James Lee Witt, director of FEMA for eight years, is executive director of Rebuild North Bay, a tax-exempt 501(c)(4) social-welfare group created to advocate and lobby as the region recovers from wildfires that swept through Sonoma, Napa and Mendocino counties in October.
Donations to a 501(c)(4) can be unlimited and undisclosed. Total losses in the fires are estimated at $7.4 billion.
North Bay Business Journal interviewed Witt, who is based in Little Rock, on Nov. 6. He will speak at a conference in Santa Rosa on Thursday, Nov. 16.
Did you have a chance to tour some of the burned areas?
Yes. We toured pretty much all of it in Sonoma and Napa counties.
You went up Fountaingrove Parkway in Santa Rosa?
In your time at FEMA or as the OES director for Arkansas, did you ever see a fire this bad?
Not this bad, no. I was at the Malibu fire (Old Topanga Fire, 1993, $500 million damage), the Laguna Beach fire (1993, 16,000 acres, 400 homes lost, $528 million damage). I have never seen one this large and intense.
The intensity is what astounded me on Fountaingrove. Did you see burn areas where aluminum melted (1,200 degrees Fahrenheit)?
When the rim of a car melts, that’s pretty intense. It’s very fortunate that more people didn’t lose their lives.
Thousands of people got out of their homes in time to survive. We could have lost hundreds of lives if deputies had not gone house to house alerting people?
You were a buddy of Bill Clinton?
I was coaching a Little League team and he was running for Congress. He came down to a ball game and introduced himself. He was 27 years old (now 71. Witt is 73.)
When he was governor of Arkansas, he appointed you as head of the Office of Emergency Management?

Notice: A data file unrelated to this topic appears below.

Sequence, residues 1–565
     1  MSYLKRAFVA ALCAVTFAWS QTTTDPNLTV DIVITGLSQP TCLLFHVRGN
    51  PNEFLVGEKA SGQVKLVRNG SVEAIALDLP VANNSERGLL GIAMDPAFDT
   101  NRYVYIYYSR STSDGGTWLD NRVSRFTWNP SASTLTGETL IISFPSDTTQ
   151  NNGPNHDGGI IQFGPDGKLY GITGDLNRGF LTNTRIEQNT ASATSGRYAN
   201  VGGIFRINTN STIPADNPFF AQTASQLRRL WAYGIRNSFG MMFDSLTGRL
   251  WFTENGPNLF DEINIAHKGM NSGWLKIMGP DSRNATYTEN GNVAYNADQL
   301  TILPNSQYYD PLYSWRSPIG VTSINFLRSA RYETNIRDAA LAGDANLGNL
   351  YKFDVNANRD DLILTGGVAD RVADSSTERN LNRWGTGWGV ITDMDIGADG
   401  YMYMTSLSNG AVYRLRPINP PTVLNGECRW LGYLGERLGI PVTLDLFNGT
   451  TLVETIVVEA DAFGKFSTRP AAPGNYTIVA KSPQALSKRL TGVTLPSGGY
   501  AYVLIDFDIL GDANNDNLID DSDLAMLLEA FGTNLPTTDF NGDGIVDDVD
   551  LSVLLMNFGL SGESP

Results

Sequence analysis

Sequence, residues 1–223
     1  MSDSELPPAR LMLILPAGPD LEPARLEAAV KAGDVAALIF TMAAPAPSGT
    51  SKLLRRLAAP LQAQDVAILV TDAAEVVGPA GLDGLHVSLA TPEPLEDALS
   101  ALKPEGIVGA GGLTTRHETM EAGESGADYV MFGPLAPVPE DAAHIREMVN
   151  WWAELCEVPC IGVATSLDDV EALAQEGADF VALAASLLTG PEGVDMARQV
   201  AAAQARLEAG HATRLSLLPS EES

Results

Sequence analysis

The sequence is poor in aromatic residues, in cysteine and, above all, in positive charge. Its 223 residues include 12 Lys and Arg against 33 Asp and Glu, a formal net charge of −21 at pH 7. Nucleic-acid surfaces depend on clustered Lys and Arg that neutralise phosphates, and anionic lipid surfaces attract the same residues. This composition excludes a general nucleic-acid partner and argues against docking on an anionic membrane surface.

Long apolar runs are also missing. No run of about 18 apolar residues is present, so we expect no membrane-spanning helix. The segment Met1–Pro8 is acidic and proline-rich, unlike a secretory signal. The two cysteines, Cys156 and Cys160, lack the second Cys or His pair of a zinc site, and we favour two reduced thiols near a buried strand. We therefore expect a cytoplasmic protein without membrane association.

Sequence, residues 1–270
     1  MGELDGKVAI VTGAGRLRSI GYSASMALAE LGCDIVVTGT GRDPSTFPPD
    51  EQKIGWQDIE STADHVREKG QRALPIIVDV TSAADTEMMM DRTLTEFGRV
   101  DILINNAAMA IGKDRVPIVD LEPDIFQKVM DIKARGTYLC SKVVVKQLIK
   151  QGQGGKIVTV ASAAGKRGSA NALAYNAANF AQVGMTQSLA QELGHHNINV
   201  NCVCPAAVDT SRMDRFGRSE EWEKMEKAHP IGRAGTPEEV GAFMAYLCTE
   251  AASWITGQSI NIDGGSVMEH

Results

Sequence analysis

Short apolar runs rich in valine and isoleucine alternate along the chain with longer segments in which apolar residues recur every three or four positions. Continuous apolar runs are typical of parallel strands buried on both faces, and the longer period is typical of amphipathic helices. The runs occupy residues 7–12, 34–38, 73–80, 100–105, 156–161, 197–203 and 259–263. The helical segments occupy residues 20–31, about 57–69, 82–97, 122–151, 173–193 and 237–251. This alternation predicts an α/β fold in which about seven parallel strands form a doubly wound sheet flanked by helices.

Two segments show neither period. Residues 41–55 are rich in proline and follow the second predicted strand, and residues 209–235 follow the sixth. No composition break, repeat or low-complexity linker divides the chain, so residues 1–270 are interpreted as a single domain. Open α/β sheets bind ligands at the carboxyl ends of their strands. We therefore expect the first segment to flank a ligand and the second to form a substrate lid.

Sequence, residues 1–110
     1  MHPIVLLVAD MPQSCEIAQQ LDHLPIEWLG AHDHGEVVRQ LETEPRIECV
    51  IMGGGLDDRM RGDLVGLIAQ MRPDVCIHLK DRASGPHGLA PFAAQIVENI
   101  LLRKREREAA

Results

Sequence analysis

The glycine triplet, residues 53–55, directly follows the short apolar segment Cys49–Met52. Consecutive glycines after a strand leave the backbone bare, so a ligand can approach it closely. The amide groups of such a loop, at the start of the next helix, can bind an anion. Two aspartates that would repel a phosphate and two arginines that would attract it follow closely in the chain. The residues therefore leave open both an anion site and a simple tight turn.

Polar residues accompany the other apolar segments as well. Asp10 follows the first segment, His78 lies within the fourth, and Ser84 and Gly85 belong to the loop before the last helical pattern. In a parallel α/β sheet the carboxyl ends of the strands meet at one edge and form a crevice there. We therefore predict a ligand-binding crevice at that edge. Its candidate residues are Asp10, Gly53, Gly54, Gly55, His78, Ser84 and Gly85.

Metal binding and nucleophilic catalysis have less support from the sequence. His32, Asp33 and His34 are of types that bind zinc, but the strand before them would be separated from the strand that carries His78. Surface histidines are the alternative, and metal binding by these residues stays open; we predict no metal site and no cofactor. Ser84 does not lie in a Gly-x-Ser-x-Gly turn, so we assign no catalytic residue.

Yes. I was a county judge for 10 years. His staff (member) called me and said the governor wants you down here this afternoon. I said I was really busy. She said, no, I didn’t understand. He wanted me down there. (He was appointed to run emergency services for the state). I was there four and a half years and we had three disasters.
Those were floods?
Floods and tornadoes. One was in Hot Springs (1990, 13 inches of rain in 24 hours,) He called me and said the water was up to his mama’s porch — what should she do. I said, get out. It was up about four feet in downtown Hot Springs.
Clinton (as president) appointed you FEMA director in 1993, and you served eight years. You handled about 350 disasters. How many of those were fires?
I don’t remember. Most of the fires we dealt with were in California and Idaho.
You started a couple of years after the Oakland hills fire in 1991?
Yes. I was in Oakland when Governor (Jerry) Brown was mayor. I have a good relationship with him. I met with folks in that fire and looked at how they built back, with more resiliency, more fire-resistant roofing, siding and landscaping. They put a box on the corner of every block with a radio and flashlight. Whoever got to the box first was the block captain in case something happened. They did a good job rebuilding.